Vyn and Ciampitti also observed differences in when micronutrients are absorbed and where they are stored in the corn plant. Zinc is taken up throughout the season and is primarily stored in the stems during the vegetative stage, while iron is allocated to the leaves. Copper and manganese are distributed to both leaves and stems and are taken up mostly before the flowering period.

To prevent deficiencies, Vyn suggests growers add zinc to bulk fertilizer with phosphorus – which has a similar uptake pattern – or put it in a starter, while manganese can be supplied in a foliar application where necessary. Growers usually can rely on soil for sufficient levels of iron and copper, he said.

Further research will concentrate on developing estimates for micronutrient requirements to help inform growers which kinds of fertilizers to apply and when.

“There’s no question that when you have more biomass and higher grain yields, you require more of certain micronutrients,” Vyn said. “It’s something to be aware of.”

Funding for the study was provided by Dow AgroSciences, the U.S. Department of Agriculture, the Purdue Bilsland Dissertation Fellowship, Potash Corp. and The Mosaic Co.


Tags: , , , , , ,


Leave a Reply

Name and Email Address are required fields. Your email will not be published or shared with third parties.

Sunbelt Ag News

    Grain TV: Positive Day but No Major Gains10-1

    DTN Livestock Close: Cattle Futures See Bullish Explosion10-1

    U.S. Dollar Strength Weighing Down Commodity Markets – DTN10-1

    DTN Cotton Close: Settles to Marginal Losses10-1

    DTN Grain Close: Slight Price Rebound10-1

    DTN Livestock Midday: Strong Gains Develop Across Complex10-1

    U.S. Ag Shortliners Take Their Technology to World — DTN10-1

    DTN Grain Midday: Futures Lower in Quiet Trade10-1

    DTN Fertilizer Trends: State Averages for Anhydrous Vary Widely10-1

    Good on Grain: Stocks Estimates Provide No Support for Prices10-1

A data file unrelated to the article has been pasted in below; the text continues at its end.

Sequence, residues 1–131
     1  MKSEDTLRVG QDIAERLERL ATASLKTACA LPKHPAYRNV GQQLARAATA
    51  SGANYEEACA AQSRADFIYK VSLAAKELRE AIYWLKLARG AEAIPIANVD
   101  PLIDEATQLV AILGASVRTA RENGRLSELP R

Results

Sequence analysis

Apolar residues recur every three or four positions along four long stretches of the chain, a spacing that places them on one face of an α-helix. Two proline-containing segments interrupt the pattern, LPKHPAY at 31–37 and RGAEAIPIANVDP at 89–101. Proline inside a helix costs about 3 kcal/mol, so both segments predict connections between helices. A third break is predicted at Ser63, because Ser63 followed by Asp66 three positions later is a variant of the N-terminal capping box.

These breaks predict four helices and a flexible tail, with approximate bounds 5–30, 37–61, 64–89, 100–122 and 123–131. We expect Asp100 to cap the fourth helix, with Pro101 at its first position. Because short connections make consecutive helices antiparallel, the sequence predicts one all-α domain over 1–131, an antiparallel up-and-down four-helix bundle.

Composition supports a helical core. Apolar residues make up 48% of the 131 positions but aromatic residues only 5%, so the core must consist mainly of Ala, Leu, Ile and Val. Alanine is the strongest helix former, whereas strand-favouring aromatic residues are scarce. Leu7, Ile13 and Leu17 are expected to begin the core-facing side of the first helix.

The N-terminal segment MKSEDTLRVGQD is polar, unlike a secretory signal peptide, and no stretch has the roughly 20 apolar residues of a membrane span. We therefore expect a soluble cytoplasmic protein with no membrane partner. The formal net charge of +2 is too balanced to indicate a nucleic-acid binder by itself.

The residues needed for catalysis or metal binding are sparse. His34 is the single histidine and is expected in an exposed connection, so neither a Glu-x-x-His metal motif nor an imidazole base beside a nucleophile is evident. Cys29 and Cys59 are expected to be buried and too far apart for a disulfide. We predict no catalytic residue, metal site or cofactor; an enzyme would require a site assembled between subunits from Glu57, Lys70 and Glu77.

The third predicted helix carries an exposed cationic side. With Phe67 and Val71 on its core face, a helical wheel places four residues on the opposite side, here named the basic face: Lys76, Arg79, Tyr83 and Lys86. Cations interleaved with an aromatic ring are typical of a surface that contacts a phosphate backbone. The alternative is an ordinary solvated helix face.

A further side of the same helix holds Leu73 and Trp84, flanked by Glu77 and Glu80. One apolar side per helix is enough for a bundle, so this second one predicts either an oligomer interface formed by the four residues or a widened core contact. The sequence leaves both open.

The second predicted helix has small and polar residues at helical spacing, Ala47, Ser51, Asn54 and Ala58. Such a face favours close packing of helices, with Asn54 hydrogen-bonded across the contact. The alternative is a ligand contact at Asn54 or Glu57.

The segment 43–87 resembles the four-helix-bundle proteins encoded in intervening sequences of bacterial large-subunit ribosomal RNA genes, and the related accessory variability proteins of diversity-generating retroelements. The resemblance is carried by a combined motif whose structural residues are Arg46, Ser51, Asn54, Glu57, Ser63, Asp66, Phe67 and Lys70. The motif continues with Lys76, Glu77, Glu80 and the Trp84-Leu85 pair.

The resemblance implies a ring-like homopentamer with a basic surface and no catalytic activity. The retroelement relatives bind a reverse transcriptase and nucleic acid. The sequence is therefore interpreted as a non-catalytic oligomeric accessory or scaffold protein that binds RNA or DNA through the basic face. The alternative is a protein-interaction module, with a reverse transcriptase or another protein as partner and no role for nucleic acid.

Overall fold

Arkansas: Winter Wheat Growers Set Another Yield Record10-1

    Georgia Peanut Commission Launches Peanut Allergy Website10-1

    DTN Cotton Open: Edges Higher within Tight Ranges10-1

    Shifts in Corn Consumption Revealed in USDA Report — DTN10-1

    DTN Livestock Open: Futures Set for Mixed Start10-1

    USDA Grain Stocks Report Bearish for Corn, Wheat — DTN10-1

    DTN Grain Open: Lower Start Across Board10-1

    Keith Good: U.S., Brazil Reportedly Agree to Settle Cotton Dispute10-1

    Farm Bill Decision Deadlines and the Farm Bill Toolbox9-30

    Doane Cotton Close: Analyst Predicts 40 Cent Futures9-30

    AFB Grain-Soybean Close: Prices Lower Despite Bullish Soy Stocks9-30

    AFB Cotton Close: Futures in the Red9-30

    AFB Rice Close: Futures Fractionally Mixed9-30

    AgFax Cotton Review: Global Supply Hurts Prices; Cotton Transition Assistance Program Deadline Looms9-30

    USDA: Weekly National Peanut Prices9-30

    USDA Grain Stocks: Corn Up 50%, Wheat 2; Soybeans Drop 359-30

    USDA Wheat: Production Drops 5 Percent from 20139-30

    Grain Storage, Transportation Worries Mount — DTN9-29

    Soybeans: Protein, Oil Values Rate More Market Attention — DTN9-29

    Soybean Harvest Rises by 7 Points, Corn 5 — DTN9-29

    Growing Demand for Pork Likely to be Met — and Quickly9-29

    Peanut Stocks and Processing: Utilization Up 4%, Stocks at 1.4B Pounds9-29

    Peanuts: New Revenue Policy Implemented by USDA9-29

    Flint on Crops: What is a Good Variety Worth?9-29

    Southern Grain Crops In 2014 – Top 10 Trends, Issues, Setbacks – AgFax9-28